The headwinds facing mass transportation systems as a result of COVID-19 are already well documented; the mass gatherings that exist in public vehicles, buses, and trains, provide transmission sites for the virus. On the surface, this is an apocalyptic problem for public transportation systems, but in conjunction with micromobility, the resulting social changes may present an opportunity.
Virus transmission is not just a public transportation problem. Despite ongoing gains in virtual meeting technology, the primary mode of communication in society remains through personal contact. We live in neighborhoods, work in corporate and public campuses, and entertain ourselves in restaurants, sporting events, theme parks, and countless other venues where large numbers of people gather. Society will reopen, and people will gather again, although with some adjustments (e.g., get used to face masks).
As society reopens, urbanizing forces will resume acting to increase dense urban footprints. Cities will continue to attract new residents for the same reasons as before. Post COVID-19, the question will still be how to sustainably provide mobility for many people in a dense urban environment, and public transit will continue to be the answer. The closures caused by the COVID-19 crisis have forced a rethinking of many social systems, and reopening presents an opportunity to do things better. Increasing the use and effectiveness of non-motorized modes of travel and public transportation systems are among them.
Public transportation systems are integrated into the fabric of cities, providing mobility and, for many, a transportation mode of last resort. In Atlanta, the COVID-19 epidemic closures have reduced the number of Metropolitan Atlanta Rapid Transit Authority (MARTA) riders by as much as 80%. Public transit systems nationwide are experiencing similar effects, some reporting reductions of over 90%. In response, transit agencies have drastically reduced service and eliminated routes. When the states and cities reopen, ridership may remain low in the face of service sector unemployment and social distancing. However, should the reduction in public transportation service become permanent, it will exacerbate the spatial mismatch of low-income communities, further isolating them from employment, healthcare, and essential services.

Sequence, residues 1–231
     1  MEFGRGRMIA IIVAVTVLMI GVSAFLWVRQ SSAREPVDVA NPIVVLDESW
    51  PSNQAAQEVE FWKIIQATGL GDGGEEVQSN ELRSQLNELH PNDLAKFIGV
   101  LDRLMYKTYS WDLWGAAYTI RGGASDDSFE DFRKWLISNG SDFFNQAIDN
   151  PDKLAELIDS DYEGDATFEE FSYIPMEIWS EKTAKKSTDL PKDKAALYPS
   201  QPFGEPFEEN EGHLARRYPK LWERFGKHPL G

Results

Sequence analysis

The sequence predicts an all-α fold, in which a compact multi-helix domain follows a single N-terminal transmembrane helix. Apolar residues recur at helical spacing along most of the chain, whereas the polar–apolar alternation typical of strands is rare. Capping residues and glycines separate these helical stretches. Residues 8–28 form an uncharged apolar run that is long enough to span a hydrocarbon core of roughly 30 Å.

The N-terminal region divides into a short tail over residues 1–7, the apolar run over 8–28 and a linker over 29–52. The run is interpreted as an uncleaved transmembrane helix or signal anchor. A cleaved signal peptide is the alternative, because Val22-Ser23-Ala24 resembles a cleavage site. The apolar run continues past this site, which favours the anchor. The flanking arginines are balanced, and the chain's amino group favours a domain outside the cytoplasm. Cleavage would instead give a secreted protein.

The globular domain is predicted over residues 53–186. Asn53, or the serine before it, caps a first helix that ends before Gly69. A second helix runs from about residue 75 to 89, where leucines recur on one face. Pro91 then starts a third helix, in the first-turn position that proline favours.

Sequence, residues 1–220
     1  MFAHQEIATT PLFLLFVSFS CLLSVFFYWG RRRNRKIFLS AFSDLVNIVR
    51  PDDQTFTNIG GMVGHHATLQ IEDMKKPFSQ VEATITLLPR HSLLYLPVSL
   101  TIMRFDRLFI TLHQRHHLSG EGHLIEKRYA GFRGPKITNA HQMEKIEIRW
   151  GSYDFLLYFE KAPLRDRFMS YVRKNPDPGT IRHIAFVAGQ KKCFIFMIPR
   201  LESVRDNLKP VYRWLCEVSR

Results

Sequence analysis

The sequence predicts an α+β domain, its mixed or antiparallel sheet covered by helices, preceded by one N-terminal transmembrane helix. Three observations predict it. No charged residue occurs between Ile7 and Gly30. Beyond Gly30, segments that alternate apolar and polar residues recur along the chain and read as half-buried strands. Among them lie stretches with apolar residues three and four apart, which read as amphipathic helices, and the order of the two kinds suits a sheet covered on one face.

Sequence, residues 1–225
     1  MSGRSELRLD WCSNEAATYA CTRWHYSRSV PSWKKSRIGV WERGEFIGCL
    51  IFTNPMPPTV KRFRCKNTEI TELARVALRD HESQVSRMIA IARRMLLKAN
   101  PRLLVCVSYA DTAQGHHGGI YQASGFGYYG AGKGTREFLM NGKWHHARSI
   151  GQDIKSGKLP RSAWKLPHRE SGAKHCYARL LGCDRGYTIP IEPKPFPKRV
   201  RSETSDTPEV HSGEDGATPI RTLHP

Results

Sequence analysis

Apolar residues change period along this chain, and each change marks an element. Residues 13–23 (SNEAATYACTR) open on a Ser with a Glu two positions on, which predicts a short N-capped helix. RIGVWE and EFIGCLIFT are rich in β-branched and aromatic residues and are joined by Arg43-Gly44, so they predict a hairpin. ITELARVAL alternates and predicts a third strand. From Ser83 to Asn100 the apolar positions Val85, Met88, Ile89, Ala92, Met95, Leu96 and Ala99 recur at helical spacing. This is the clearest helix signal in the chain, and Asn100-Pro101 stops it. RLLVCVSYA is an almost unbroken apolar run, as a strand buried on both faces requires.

Although COVID-19 closures present unprecedented problems, they also present an unexpected opportunity for public transit systems. Public transit works well in dense urban environments, and decreases in effectiveness with decreases in population density – the primary shortcoming can be characterized as the ‘first/last mile’ problem. In dense urban areas, public transit is effective, because all locations are within a short distance of a transit stop or station (e.g., New York City). The closures associated with COVID-19 forced people to stay away from schools, employment, restaurants, playgrounds, but not from streets. People are walking and cycling more, and in conjunction with massive reductions in car traffic, calls have started to reduce the amount of space dedicated to cars, in favor of people. Even the substitution of public transportation trips by micromobility devices could have positive effects on public transit. Expanding the distances people are willing to walk and ride micromobility devices effectively works to close the first/last mile gap. The opportunity lies in connecting the expansion of people’s walking and micromobility range with the use of public transit.
There could be other potential positive outcomes for public transit. Aside from the lack of population density, the use of public transit in the United States faces a social stigma that doesn’t exist in other countries. In the long run, overcoming this stigma is critical to expanding public support for transit. In conjunction, traffic reduction, lane closures and additional bike lanes could make it possible for more children to commute to school on foot, by micromobility, or in conjunction with public transit. Schools run a parallel transportation system to the public system. In some cases, especially for older students, these systems could be combined, reducing the economic burden on schools and increasing public transit ridership, with the ancillary benefit of exposing more students to the public transportation system and grooming future riders.
Even before the COVID-19 epidemic public transit was under assault from underfunding, under maintenance, and low and slipping ridership. Yet, in dense urban centers where there isn’t enough room for cars and where a significant percentage of the population cannot afford cars, public transportation is an indispensable utility. After COVID-19, people will continue to flock to cities, and urban mobility will remain a pressing issue. The model for the exclusive use of cars for urban mobility is not sustainable; cars still take up too much space, they still pollute, and low-income people still can’t afford them. COVID-19 closures have created an opportunity for public transit to close the last mile problem, as more people are walking, cycling, and using other micromobility modes. Thus, as society reemerges from social isolation we may be in a better position to attain a more sustainable urban future. Will we seize the opportunity?